The Chief of Staff, United States Army, toured the Pusan Perimeter in late August, visiting all American divisions and conferring with the army commander. He found the morale of the troops at the front to be uniformly high and the major commanders confident and optimistic. But there had been no letup in the enemy's determined pressure. The point of greatest concern to General Walker was still the slow arrival of replacements in the combat zone.

[note]

 

0800 Korean Time

Central East Coast Zulu Korea
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0900 Korean Time

Central East Coast Zulu Korea
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biography   biography

General Collins, on a second visit to Tokyo late in August, found General MacArthur still insistent that the airborne RCT be sent in time to take part in Operation CHROMITE, Collins promised to do what he could and, upon returning to Washington, made a special effort to expedite arrangements.

His investigation convinced him that his staff had been doing its best, and on 25 August he explained to General MacArthur that he had satisfied himself that an airborne RCT could not be sent by 10 September. He had even considered taking a regiment from the 82nd Airborne instead of the 11th, but had found that this drastic action would have made no appreciable difference in the arrival date. For the delay was no longer caused by personnel shortages but by difficulties in procuring, assembling, and loading the specialized equipment required for airborne operations.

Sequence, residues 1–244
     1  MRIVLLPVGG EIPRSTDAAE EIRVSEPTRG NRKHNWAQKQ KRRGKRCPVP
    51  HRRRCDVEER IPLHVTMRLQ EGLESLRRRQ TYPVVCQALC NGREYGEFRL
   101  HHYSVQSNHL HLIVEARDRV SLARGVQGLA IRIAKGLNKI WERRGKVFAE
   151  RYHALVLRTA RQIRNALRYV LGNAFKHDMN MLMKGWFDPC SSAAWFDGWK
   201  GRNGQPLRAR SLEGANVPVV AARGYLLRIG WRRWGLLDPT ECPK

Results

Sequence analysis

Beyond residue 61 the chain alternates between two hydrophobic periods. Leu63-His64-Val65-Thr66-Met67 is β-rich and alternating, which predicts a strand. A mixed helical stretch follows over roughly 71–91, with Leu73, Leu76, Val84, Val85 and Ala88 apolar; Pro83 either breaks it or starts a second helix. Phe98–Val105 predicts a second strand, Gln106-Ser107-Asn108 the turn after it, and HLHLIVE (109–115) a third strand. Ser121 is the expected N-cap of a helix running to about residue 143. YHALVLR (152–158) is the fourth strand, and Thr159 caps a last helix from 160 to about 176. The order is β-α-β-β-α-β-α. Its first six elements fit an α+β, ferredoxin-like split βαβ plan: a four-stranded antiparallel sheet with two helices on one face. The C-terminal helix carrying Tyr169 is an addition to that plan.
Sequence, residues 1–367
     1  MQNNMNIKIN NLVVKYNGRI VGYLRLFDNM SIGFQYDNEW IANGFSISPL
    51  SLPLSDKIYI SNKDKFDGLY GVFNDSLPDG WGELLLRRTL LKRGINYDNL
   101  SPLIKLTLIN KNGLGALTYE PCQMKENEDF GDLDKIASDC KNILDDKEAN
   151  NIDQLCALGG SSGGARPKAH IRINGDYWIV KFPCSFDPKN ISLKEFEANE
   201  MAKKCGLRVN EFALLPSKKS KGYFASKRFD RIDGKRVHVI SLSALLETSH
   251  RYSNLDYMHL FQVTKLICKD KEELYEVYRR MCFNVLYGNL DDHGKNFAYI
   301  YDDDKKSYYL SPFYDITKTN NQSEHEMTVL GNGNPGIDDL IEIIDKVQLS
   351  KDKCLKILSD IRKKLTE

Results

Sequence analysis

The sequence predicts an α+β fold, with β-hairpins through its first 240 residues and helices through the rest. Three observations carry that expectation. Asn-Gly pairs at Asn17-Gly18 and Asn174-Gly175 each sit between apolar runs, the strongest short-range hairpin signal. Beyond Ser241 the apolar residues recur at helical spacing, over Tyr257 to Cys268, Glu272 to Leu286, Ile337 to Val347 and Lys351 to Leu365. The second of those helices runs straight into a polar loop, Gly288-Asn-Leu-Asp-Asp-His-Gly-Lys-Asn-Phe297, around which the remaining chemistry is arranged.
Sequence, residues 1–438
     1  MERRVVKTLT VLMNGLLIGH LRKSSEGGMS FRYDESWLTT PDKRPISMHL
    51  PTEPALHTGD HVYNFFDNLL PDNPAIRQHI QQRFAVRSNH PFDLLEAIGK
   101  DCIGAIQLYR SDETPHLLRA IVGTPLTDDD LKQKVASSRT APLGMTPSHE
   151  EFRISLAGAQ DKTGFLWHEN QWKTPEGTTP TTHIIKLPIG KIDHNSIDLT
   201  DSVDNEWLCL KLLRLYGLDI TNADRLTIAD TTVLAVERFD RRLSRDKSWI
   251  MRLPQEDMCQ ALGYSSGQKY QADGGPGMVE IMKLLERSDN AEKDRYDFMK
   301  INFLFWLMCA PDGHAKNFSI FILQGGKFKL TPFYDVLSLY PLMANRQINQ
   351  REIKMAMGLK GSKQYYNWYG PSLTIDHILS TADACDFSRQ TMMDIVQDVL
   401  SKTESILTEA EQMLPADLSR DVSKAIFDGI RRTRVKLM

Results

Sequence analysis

General Collins felt that every reasonable and practicable measure had been taken to expedite the arrival of the RCT but that the unit would not be there for CHROMITE.

[note]

 

1000 Korean Time

Central East Coast Zulu Korea
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1100 Korean Time

Central East Coast Zulu Korea
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On 25 August, China formally charged the United States with strafing its territory across the Yalu.

[note]

1200 Korean Time

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USN_Units

Shortly after noon on 25 August Admiral Ewen sortied his ships from Sasebo for operations in the Japan Sea. As another consequence of the (August 22nd HMS Comus (R-43) episode, antiaircraft practice was conducted during sortie, but a submarine contact, later evaluated as false, brought an abrupt termination of the exercise.

[note]

1300 Korean Time

Central East Coast Zulu Korea